Opinion polls in both Japan and the United States show continued strong support for their security alliance and economic relationship, but Trump administration trade policies, its withdrawal from international agreements, and its undermining of multilateral institutions is stressing bilateral ties in ways not seen in decades. Japan is accustomed to some degree of U.S. political and policy fluctuation, but could we be entering an era of greater alliance tension as partisan battles in Washington intensify? 

Japanese historian Koji Murata will put into context Tokyo’s evaluation of (and possible adjustment to) political change in the United States. From Carter to Reagan, from Bush to Clinton, and from Obama to Trump, how can the past inform our present and future policy choices as an alliance? Veteran diplomat Rust Deming will join the conversation, moderated by Carnegie’s Jim Schoff.

This event is cosponsored by the U.S. Japan Research Institute.

Koji Murata

Koji Murata is currently professor of political science at Doshisha University, where he served previously as dean of the Faculty of Law and as president. His latest publication is a biography of Ronald Reagan.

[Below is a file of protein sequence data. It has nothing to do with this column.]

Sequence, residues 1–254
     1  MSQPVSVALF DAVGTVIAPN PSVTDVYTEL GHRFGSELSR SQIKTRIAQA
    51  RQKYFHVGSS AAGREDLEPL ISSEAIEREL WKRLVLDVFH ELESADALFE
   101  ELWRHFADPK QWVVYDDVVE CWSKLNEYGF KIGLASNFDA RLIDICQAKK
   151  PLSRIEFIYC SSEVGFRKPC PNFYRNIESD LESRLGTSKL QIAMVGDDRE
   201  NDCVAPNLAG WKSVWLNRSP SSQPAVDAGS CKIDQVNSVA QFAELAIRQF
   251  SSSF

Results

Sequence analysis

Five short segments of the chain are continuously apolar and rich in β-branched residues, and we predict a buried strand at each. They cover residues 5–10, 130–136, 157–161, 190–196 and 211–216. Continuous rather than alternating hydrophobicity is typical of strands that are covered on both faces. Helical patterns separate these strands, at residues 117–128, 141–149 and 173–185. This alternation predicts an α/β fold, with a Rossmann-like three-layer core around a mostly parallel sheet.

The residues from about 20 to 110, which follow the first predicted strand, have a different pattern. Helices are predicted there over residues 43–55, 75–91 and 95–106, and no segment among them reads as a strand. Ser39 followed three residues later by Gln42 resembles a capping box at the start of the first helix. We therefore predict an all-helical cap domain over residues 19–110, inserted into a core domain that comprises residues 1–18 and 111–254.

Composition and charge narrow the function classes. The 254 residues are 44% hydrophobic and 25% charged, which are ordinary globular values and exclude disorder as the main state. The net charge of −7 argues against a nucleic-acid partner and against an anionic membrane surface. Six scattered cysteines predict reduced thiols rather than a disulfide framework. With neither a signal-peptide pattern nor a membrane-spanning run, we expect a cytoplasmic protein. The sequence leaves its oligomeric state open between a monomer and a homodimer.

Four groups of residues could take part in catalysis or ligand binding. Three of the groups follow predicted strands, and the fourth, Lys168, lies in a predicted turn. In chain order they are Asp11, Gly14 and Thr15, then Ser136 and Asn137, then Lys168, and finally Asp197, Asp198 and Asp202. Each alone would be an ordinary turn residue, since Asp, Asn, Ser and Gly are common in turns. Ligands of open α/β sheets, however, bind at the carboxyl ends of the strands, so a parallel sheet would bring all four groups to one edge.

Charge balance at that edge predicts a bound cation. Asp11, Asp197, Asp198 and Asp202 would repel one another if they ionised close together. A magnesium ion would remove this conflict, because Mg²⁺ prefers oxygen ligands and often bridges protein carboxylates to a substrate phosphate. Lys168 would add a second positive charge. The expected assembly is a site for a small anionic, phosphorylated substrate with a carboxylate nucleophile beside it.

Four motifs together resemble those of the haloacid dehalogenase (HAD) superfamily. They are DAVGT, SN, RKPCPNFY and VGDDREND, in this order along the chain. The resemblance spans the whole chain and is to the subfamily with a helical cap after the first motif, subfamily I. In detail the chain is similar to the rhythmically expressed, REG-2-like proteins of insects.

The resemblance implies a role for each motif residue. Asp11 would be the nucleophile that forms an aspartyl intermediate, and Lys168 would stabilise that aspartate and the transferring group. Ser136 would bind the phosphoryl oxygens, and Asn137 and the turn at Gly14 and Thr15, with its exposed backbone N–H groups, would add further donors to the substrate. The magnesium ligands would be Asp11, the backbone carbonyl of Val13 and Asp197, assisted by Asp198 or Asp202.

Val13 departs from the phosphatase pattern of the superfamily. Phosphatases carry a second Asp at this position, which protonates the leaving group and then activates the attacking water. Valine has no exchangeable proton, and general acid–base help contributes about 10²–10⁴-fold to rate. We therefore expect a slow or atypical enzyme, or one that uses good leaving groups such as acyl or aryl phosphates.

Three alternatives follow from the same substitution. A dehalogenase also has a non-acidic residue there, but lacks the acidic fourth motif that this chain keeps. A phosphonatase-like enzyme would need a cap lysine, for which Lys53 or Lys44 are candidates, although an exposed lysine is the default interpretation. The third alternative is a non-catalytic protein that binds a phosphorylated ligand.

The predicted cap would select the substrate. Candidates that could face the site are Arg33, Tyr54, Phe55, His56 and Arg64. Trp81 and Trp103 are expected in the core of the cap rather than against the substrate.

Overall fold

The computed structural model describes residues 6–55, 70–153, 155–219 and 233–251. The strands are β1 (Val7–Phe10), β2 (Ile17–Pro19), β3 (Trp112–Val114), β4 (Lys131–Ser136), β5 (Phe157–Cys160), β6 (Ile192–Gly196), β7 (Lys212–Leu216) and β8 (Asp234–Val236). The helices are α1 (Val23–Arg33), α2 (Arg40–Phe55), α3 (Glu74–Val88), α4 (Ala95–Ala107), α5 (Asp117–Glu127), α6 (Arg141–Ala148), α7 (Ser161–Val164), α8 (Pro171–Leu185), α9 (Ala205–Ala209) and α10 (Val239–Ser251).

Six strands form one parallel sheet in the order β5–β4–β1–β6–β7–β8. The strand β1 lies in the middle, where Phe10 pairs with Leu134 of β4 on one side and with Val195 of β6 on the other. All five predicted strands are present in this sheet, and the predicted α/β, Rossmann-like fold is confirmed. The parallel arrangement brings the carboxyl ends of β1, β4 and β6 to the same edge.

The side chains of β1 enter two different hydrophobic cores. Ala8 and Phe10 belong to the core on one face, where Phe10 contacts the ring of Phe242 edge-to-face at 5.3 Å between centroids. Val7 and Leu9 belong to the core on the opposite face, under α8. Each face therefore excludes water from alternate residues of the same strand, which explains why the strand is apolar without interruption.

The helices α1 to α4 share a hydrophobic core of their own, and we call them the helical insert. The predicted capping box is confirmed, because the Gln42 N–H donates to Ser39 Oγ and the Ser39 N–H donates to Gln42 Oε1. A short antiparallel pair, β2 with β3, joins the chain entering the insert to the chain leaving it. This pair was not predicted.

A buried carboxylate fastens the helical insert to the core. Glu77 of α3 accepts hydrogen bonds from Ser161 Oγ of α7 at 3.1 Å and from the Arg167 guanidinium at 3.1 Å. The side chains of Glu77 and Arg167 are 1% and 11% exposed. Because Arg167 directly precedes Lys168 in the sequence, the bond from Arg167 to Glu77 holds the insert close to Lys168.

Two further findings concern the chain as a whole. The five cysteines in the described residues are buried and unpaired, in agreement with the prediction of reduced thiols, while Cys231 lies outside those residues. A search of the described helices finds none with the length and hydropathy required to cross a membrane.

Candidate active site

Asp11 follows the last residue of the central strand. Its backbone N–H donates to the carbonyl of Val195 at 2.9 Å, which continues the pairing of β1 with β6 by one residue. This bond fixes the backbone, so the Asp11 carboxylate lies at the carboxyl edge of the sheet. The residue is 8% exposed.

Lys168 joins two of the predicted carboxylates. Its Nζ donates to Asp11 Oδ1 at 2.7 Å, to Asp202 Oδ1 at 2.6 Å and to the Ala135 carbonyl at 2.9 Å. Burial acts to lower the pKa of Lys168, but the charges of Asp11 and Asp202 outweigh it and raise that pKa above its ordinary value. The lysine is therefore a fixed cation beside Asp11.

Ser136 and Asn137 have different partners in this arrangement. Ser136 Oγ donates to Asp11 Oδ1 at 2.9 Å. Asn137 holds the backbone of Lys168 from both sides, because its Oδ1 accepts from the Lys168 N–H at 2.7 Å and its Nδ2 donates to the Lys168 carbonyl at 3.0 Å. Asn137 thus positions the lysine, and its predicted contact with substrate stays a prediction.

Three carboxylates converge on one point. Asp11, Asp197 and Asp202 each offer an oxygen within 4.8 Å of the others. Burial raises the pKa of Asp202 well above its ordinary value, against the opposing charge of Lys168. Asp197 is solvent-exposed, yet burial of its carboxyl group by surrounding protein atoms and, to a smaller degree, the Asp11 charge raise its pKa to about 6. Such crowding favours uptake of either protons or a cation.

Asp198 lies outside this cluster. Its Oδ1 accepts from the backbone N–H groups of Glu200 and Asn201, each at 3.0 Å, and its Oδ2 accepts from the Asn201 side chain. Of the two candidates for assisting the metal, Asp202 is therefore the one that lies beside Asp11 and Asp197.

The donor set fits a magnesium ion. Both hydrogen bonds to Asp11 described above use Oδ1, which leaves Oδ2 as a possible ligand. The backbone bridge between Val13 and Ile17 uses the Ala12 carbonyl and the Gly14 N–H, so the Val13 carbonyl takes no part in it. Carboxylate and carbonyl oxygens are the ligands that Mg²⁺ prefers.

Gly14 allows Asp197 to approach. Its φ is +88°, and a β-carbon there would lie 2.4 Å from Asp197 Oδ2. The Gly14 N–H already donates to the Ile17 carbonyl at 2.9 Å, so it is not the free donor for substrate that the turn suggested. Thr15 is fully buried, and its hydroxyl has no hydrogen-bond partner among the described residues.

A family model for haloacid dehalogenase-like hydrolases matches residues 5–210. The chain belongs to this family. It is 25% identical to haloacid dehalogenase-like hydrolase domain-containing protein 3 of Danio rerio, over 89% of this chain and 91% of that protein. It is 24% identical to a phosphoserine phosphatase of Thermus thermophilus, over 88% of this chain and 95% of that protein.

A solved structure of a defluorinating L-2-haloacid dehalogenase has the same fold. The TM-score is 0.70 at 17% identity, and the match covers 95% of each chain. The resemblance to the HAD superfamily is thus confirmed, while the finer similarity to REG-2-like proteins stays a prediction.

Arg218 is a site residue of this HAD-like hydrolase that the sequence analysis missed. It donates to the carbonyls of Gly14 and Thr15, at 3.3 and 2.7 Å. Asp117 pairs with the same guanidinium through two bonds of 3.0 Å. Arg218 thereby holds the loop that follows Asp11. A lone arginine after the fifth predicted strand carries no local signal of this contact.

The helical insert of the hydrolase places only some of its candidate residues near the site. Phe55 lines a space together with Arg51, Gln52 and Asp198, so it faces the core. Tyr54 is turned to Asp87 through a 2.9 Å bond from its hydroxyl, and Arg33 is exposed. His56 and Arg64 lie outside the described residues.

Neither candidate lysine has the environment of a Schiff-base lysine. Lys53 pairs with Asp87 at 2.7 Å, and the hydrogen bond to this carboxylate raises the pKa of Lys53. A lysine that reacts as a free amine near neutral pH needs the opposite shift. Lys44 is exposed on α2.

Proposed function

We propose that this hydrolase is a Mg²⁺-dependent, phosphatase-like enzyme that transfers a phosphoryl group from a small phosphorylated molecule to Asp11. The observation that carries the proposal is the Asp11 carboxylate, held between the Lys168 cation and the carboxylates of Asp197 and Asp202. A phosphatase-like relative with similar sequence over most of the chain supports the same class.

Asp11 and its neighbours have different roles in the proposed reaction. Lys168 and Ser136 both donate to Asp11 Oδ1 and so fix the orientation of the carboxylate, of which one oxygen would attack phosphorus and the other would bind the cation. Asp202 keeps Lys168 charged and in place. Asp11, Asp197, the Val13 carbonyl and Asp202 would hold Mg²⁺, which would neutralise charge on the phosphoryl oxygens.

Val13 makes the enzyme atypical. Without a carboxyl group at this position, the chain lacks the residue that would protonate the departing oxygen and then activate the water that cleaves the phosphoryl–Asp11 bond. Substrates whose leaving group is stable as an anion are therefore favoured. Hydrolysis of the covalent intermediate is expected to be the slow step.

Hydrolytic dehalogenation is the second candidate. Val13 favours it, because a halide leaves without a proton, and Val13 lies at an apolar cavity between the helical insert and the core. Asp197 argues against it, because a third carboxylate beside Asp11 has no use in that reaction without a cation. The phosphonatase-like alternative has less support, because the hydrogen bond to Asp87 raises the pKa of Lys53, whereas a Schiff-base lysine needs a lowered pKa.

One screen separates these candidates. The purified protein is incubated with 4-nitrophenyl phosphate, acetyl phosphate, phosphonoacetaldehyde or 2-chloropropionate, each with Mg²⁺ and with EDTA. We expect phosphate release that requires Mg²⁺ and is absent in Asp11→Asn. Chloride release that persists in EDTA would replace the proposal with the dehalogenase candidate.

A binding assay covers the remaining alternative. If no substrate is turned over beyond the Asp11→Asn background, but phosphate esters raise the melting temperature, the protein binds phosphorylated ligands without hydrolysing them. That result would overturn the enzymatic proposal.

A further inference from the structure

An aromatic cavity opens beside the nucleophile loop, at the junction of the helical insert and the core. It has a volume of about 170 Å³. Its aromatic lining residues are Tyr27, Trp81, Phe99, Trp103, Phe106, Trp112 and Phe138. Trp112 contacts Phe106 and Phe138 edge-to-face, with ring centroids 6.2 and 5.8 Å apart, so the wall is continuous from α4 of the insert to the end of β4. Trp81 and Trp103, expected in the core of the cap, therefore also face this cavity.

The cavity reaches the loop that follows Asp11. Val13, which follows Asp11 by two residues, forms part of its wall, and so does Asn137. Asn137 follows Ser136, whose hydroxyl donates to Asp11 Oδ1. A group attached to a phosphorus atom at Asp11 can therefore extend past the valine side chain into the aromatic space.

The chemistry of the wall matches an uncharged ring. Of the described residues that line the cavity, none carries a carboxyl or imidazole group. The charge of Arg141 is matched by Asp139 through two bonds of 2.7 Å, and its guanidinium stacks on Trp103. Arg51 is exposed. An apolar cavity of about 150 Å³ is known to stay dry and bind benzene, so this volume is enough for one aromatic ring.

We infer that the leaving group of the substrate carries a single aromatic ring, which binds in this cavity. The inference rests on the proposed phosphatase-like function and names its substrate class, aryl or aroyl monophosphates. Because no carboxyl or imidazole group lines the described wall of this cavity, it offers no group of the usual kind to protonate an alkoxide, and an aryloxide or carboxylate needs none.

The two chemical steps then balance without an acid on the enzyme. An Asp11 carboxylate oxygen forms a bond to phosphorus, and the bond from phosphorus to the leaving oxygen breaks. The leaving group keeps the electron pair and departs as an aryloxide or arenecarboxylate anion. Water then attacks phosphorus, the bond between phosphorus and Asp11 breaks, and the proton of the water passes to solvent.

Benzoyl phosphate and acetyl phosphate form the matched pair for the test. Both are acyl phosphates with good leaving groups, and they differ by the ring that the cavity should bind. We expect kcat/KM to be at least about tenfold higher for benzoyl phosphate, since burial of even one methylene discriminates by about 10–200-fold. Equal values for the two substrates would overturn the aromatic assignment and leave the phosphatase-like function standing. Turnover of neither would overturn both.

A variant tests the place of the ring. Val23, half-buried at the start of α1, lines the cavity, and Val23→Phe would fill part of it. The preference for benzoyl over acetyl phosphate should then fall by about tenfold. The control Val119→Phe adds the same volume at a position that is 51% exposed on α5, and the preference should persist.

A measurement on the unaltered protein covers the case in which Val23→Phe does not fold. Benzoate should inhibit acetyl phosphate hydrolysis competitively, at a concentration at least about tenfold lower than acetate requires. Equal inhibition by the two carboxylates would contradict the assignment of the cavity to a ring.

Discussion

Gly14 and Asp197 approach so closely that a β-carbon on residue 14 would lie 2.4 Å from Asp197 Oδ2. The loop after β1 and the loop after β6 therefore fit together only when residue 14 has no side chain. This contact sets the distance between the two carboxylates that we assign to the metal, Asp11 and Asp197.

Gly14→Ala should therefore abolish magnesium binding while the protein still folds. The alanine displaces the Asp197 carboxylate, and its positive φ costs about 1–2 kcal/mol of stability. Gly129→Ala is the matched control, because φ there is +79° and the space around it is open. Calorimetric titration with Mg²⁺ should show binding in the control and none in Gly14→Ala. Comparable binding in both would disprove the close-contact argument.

Rust Deming

Rust Deming is an adjunct professor at the Johns Hopkins School of Advanced International Studies. Following a four-decade career in the U.S. Department of State where he served in a variety of posts including deputy chief of mission at the U.S. Embassy in Tokyo and principal deputy assistant secretary for East Asian and Pacific Affairs.

James L. Schoff

James L. Schoff is a senior fellow in the Carnegie Asia Program. His research focuses on U.S.-Japan relations and regional engagement, Japanese politics and security, and the private sector’s role in Japanese policymaking.